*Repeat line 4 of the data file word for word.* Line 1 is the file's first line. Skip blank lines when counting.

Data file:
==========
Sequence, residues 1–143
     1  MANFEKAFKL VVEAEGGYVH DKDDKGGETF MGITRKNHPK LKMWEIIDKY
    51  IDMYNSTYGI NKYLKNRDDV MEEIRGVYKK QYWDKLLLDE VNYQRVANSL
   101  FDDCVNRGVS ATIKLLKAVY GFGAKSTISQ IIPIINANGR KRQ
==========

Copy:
   101  FDDCVNRGVS ATIKLLKAVY GFGAKSTISQ IIPIINANGR KRQ